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This are now sentences we have become accustomed to: Teens and adults continuously live social media activities in their daily lives.
They know people, they relate to them, they use social networks as a showcase, often even to meet potential partners. Sometimes in a rather compulsive way.
The social impact that this had in the last few years is of massive proportions. In the meantime, all over the world where social networking has now developed in its most urgent forms, most of the government and educational bodies question the short/long-term consequences. Particularly among young people, which are defined as iGeneration, millenniums or even digital natives.
According to Larry D. Rosen, professor of psychology at California State University
If nobody can deny that Facebook has altered the panorama of social interactions, particularly among young people, we are beginning to see, through psychological research, the positive and negative sides.
Because obviously there are both, it would be naive to think otherwise. For example, they are actually a great way to socialize for young people with so-called virtual empathy.
It is as if social networks were safety wheels for life in several different ways: they teach how to express empathy and show how others respond. They teach you to develop your “sense of self”, “who I am. You put things on the Facebook wall, then you sit down and observe the comments you receive. In short, it’s like a place where you can grow and develop.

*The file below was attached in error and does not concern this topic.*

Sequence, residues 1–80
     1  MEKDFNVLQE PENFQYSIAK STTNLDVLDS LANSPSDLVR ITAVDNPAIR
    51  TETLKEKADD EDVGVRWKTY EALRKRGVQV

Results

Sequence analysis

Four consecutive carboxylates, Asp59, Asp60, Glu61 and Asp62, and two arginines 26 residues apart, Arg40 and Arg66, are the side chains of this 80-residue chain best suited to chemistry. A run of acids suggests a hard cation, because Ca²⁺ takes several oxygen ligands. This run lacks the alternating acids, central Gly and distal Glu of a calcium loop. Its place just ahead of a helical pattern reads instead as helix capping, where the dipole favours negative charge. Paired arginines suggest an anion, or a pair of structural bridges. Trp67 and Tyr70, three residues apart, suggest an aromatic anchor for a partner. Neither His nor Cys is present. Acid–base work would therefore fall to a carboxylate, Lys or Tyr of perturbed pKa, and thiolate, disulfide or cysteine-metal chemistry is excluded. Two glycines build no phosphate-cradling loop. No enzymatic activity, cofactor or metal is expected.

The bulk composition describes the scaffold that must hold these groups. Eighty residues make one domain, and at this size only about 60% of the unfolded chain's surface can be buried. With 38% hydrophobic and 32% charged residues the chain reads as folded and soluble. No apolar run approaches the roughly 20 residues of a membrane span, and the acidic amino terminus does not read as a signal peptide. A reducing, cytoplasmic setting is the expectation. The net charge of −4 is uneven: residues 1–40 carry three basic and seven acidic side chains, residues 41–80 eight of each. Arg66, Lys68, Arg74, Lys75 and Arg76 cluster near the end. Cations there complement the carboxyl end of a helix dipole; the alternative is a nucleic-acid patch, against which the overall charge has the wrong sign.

But the negative sides are lurking. In most developed countries, young people (up to college) interact in any sort of online social activity at least once in a 10-minute break.
The issue here is that it is believed this worsens student performance.
Not only: as the “focus” on social media is constantly turned towards ourselves and towards what others say about us, it happens that many users – especially the younger ones – show a marked tendency to narcissism.
Excessive use can also lead to anxiety and depression. Furthermore, little attention is paid to the rest, everything else is done in a sort of “light way” as the brain activity is still concentrated into those last few comments or the latest viral “meme” that I have an absolute and instant necessity to share so that I can be part of the latest games sort of thing.
Everything you do on a social network is done behind the coverage of a screen. Attention is not paid. But there are real people on the other side of cyberspace and our words can affect those people.
For all these reasons, in recent years we have seen flourish advice and “guides” for parents in particular.
Contrarily to popular belief, it is actually advisable to avoid checking children online activity with specific programs, or applications, because we risk losing their trust first and foremost but also because they will find in a few seconds, thanks to social networks and the web, how to avoid parental control.
If you establish a relationship of sincerity with your children, talk to them about the use of technology and what they do, then they will talk to you when there is something that makes them feel bad.
At this point, however, we must also consider another aspect of this social factor that has now taken over the entire world population on a large scale. If we have understood so far how to help our children to behave online and in the various social networks, who will help us parents in the event we are completely immersed and we can no longer realize it?
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